Designing the trajectory of microsatellite swarms from the macro-micro perspective

How scientist designed the trajectory of microsatellite swarm from the macro-micro perspective?
Diagram of collision avoidance between microsatellites. Credit: Space: Science & Technology (2022). DOI: 10.34133/2022/9802195

As an emerging multi-satellite cooperative flight mode, the microsatellite swarm has become an important future research issue for distributed space systems. It offers low cost, rapid response, and collaborative decision-making. To address the coordination of swarms for autonomous agents, a probabilistic guidance approach has been investigated, which contained sub-swarms with different mission objectives.

Probabilistic swarm guidance enables autonomous microsatellites to generate their individual trajectories independently so that the entire swarm converges to the desired distribution shape. However, it is essential to avoid crowding for reducing the possibility of collisions between microsatellites, which adds challenges to the design of the collision avoidance algorithm.

In a research paper recently published in Space: Science & Technology, Bing Xiao, from School of Automation, Northwestern Polytechnical University, proposed a Centroidal Voronoi tessellation (CVT) and Model Predictive Control (MPC) based synthesis method, aiming to achieve macro-micro trajectory optimization of a microsatellite swarm.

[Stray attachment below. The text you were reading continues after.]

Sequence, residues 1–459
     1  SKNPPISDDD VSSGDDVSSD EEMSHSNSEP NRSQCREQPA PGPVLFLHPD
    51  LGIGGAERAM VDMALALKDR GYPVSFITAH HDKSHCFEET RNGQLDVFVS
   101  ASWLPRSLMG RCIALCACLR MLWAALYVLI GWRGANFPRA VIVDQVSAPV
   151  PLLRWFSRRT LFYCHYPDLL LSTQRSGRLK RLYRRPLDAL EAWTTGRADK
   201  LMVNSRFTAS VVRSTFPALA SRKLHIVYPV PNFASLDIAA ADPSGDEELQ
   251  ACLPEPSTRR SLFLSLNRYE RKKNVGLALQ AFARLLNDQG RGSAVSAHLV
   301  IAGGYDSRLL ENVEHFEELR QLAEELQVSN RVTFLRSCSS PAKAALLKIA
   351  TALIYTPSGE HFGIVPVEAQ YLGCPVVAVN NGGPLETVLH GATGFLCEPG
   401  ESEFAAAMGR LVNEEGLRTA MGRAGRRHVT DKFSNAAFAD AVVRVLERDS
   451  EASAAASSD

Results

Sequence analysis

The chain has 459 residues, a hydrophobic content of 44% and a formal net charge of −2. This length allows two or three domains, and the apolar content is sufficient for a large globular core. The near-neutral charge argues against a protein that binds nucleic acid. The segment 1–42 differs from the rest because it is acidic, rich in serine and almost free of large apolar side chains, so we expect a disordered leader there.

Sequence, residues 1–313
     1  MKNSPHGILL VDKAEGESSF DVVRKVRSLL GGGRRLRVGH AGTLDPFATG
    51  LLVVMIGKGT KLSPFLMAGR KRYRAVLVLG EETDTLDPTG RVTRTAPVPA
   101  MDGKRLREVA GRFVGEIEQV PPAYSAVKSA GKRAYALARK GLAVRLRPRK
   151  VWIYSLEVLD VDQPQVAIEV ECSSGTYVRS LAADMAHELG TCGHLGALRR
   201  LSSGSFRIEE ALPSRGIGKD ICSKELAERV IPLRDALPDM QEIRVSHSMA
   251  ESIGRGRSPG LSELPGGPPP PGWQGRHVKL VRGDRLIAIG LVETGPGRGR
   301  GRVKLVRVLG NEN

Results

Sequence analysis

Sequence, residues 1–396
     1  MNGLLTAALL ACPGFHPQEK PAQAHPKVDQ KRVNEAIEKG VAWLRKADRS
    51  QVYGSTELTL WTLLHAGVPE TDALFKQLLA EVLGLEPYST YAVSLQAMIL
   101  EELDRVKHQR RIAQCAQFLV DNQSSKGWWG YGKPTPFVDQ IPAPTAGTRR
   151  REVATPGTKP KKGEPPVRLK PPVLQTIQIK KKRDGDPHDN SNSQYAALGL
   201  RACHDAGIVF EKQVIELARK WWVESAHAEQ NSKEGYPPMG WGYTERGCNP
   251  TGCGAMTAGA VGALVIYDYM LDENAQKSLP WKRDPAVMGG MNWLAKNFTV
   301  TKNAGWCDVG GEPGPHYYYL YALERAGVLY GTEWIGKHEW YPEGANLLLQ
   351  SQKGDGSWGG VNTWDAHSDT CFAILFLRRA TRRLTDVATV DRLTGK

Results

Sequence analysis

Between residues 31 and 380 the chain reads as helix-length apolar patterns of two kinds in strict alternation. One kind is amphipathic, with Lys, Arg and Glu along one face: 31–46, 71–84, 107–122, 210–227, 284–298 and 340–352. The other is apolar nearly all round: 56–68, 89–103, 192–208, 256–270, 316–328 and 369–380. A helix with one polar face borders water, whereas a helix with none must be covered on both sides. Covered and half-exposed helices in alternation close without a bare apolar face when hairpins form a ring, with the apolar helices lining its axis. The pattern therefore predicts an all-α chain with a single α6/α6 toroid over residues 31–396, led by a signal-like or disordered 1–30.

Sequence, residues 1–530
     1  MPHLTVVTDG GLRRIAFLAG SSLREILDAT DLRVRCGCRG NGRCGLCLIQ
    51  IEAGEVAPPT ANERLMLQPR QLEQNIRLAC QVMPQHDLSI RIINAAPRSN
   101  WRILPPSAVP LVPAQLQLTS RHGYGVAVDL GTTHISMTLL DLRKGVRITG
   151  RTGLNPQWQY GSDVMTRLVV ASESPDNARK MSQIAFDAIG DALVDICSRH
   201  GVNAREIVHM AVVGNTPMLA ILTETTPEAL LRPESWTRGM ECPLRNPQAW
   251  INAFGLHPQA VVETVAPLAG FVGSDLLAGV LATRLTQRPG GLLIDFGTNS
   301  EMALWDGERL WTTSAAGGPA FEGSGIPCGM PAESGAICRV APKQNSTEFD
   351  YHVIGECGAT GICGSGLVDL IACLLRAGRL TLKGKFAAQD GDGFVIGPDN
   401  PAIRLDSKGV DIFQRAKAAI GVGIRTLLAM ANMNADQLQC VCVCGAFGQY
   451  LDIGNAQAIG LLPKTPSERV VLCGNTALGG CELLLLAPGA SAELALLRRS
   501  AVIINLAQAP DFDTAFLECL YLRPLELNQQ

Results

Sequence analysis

The author formulated the transfer model of swarm microsatellites in 3D space and introduced the probabilistic swarm guidance law. Afterwards, since it was essential to avoid crowding for reducing the possibility of collisions between microsatellites, the safety analysis of collision avoidance wad conducted based on finding the lower bound of the minimum distance between all microsatellites at any time.

To determine the collision-free guidance trajectory of each microsatellite from the to the target space, a collision avoidance algorithm was necessary. However, with high-level coordination that used the macroscopic models, collision-free trajectories were very hard to generate. Hence, the author presented a synthesis method, where the trajectory planning was divided into macro-planning and micro-planning.

Then, the author presented the details of macro-planning and micro-planning of the microsatellite swarm, respectively. In the Macro-planning of microsatellite swarm, the target position of each microsatellite was determined by the centroid generated through the CVT algorithm, and all microsatellites moved to the corresponding centroid until the algorithm converges.

The final distribution of the microsatellite swarm in the space was obtained according to the location of the centroid. In the Micro-planning of the microsatellite swarm, MPC was adopted to generate the optimal trajectories for each step and finally reached the specified position in the target cube.